Theft is the main safety concern when traveling throughout Ecuador. When walking through cities be sure to keep your cell phone out of sight and your valuables secured in a zippable, and lockable, backpack. Quito’s old town does have a number of thefts so stay aware of your surroundings. I don’t recommend walking in Quito by yourself at night. When getting money from ATMs, make sure to go to an ATM that is not on the street and has some sort of vestibule. Ensure that you take only marked cabs and that they turn the meter on. Uber is also a great option for transportation and what I used when going somewhere alone.
Safety on Buses
It is so simple, and cheap to travel through Ecuador on public buses. However, this is where many tourists have issues with theft. Do not put your backpack on the floor, even if it’s in between your feet, even if it’s locked. Don’t do it. I don’t know how, but thieves know how to get under the seat, slash open your bag, and take your valuables while you sleep. Or are awake. Keep your backpack on your lap, wrapped in your arms, zipped, and locked. Don’t place anything, even a jacket, overhead. I never had an issue on buses in Ecuador and I just followed that recommendation. Keep some cash in your pocket, zipped, because people will get on to sell treats that are so tasty!
Where to Go
Ecuador is known for the Galapagos, but there is so much more that this small country has to offer. I highly recommend expanding your itinerary to explore a bit more of what Ecuador has to offer beyond the Galapagos. That being said, the Galapagos Islands are a magical place and should not be left off of your itinerary!
The Galapagos Islands
The Galapagos Islands are such a bucket list destination for many that go unrealized due to cost. But there is a way to visit that doesn’t break the bank!
For an overview of what to expect from the Galapagos islands, check out my practical tips!
And of course, packing for the Galapagos is as unique as the islands themselves.
Two of the best tours I’ve ever taken were on the Galapagos islands. The first was on Isla Isabela and involved snorkeling with sharks, two of which put on quite the show.
The second tour was from San Cristobal island where I saw two hammerhead sharks…while snorkeling!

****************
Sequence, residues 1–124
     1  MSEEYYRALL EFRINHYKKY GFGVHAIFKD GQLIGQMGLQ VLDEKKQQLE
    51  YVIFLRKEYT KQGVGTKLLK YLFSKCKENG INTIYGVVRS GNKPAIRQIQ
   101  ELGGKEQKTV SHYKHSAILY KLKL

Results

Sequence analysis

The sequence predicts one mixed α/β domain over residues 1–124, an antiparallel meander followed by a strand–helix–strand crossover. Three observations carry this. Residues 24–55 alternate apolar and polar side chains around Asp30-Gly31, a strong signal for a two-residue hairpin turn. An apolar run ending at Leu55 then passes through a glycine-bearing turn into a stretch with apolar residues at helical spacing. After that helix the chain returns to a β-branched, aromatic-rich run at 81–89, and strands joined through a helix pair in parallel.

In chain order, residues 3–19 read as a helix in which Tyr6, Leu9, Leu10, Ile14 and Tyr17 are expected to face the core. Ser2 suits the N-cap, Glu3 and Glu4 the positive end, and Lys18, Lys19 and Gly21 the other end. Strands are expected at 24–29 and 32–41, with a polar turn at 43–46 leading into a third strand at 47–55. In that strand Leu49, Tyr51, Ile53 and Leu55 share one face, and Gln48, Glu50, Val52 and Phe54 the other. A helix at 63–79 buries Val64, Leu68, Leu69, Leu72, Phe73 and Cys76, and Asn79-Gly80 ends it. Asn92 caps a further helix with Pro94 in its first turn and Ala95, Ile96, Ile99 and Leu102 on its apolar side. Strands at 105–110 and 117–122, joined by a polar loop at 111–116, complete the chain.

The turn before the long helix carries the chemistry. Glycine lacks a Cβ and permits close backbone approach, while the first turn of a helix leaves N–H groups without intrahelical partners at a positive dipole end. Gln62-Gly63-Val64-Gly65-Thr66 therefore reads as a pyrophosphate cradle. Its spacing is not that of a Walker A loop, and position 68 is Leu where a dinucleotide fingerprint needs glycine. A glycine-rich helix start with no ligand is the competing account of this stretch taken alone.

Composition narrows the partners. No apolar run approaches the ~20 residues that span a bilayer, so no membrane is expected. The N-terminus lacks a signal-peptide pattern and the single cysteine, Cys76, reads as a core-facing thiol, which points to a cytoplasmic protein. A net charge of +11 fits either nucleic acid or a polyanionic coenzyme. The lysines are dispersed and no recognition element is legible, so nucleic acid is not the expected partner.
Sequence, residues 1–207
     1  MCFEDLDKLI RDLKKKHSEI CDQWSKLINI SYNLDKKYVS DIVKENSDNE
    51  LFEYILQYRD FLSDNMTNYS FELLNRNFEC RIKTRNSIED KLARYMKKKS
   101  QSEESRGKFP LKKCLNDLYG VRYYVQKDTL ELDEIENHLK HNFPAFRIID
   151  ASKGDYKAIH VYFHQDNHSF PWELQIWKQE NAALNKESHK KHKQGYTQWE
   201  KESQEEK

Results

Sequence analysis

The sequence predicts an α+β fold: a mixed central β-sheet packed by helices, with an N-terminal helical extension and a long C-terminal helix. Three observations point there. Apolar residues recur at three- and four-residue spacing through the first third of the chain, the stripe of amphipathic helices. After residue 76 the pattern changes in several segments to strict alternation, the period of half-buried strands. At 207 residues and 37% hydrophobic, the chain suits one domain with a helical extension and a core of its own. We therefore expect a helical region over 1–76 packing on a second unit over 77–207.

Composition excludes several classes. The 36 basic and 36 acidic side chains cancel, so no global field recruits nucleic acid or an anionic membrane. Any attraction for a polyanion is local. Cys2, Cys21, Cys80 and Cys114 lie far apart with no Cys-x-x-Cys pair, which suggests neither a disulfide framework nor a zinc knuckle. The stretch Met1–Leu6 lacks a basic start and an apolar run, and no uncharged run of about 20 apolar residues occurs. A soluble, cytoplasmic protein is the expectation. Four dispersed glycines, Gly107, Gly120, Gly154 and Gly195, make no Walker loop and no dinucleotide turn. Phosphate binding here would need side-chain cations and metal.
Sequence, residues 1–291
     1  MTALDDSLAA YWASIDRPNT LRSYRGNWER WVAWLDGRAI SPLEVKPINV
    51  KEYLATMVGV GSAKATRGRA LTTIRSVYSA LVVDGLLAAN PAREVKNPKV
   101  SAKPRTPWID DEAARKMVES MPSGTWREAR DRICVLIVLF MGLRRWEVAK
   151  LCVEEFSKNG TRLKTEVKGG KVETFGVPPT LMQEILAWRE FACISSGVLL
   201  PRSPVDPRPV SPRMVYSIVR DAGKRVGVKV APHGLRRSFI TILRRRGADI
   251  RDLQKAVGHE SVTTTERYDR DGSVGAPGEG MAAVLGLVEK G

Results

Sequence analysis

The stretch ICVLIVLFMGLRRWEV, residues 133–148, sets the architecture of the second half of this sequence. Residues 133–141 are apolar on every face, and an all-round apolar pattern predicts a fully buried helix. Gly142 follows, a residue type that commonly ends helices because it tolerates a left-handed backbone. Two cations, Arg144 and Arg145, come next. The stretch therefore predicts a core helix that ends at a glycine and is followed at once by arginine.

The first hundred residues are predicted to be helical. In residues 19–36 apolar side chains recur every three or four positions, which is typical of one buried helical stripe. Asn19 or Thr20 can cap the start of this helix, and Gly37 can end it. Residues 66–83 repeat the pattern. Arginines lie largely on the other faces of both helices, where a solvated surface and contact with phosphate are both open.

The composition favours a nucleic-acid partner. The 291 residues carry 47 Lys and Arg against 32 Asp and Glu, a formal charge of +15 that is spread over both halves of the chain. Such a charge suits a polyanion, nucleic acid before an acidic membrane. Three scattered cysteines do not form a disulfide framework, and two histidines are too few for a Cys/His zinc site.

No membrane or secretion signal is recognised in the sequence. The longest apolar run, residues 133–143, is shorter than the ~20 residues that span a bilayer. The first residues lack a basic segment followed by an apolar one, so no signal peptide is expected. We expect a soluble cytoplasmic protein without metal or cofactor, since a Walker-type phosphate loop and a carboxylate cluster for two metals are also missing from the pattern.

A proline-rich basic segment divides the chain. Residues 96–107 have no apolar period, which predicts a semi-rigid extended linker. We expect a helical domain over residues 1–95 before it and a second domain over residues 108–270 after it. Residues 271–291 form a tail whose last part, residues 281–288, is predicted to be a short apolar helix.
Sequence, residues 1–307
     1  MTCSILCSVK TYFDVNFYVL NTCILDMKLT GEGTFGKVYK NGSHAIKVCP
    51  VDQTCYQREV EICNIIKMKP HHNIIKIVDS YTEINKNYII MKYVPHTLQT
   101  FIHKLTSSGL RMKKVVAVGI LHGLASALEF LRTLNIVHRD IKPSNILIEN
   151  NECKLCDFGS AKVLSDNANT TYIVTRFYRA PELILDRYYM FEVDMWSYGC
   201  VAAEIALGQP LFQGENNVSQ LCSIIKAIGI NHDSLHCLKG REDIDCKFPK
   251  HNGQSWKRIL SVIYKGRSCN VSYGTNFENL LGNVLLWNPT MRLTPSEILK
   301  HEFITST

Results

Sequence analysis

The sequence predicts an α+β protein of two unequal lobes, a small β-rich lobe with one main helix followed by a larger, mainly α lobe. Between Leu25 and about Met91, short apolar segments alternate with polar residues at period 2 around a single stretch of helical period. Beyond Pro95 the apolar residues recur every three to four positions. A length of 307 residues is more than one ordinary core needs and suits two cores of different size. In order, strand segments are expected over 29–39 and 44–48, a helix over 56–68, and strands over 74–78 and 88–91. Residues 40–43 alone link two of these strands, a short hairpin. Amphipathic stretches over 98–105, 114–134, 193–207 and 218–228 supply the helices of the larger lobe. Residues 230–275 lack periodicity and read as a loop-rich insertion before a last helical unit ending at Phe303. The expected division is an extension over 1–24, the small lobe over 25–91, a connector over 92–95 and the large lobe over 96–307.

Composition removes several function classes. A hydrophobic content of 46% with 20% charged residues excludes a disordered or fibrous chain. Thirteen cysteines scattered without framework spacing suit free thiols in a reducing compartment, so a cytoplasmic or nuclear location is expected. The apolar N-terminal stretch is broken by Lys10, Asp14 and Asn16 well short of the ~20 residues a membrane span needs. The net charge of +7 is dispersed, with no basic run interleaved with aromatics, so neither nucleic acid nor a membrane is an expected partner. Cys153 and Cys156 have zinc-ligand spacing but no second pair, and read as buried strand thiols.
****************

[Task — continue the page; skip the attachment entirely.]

And if the photos in the above posts weren’t enough inspiration for you, I’ve compiled by 20 favorite photos from the Galapagos islands.
The islands are amazing, but there is so much more to Ecuador! After living in Quito for two months I did my best to get out and explore all that the city, and its surrounds, had to offer. Here’s what I found!
If you only have a few days in Quito, these are some epic things to fill your time!
And if you’re looking for some great viewpoints, which the city has lots of, here are my favorite places!
After two months of living in Quito, I learned that there are a few ways to escape the chaos of the city. These day trips should do the trick!
Quito is surrounded by volcanoes and without even leaving the city limits, you can hike to a still active volcano!
Another picture perfect volcano, just outside of Quito, is Cotopaxi. It’s possible to hike and mountain bike Cotopaxi on a simple day trip from Quito and is the perfect activity for an adventure.
Mindo Cloud Forest
A weekend in the Mindo Cloudforest chasing waterfalls, tasting chocolate, and relax in a hammock is a great way to escape the noise of Quito.
Banños is a great town for adventure and thrill seekers! It’s a short bus trip from Quito and a must do if you’ve got a few extra days in your itinerary.
The Three-Day Quilotoa Loop
This three-day trek was my first ever multiple day hiking experience! It’s a difficult trek, especially with the altitude, but when you cross over the crest of the volcano to witness the turquoise blue waters of Quilotoa crater lake, it’s so worth it.
For those on the fence about the trek, the first post is for you.
And for those of you with your heart set on it, check out the complete guide below!
Unfortunately, I did not have time to go to the Amazon, the coast, or Cuenca. Three places that are still very much on my list to do whenever I return to Ecuador!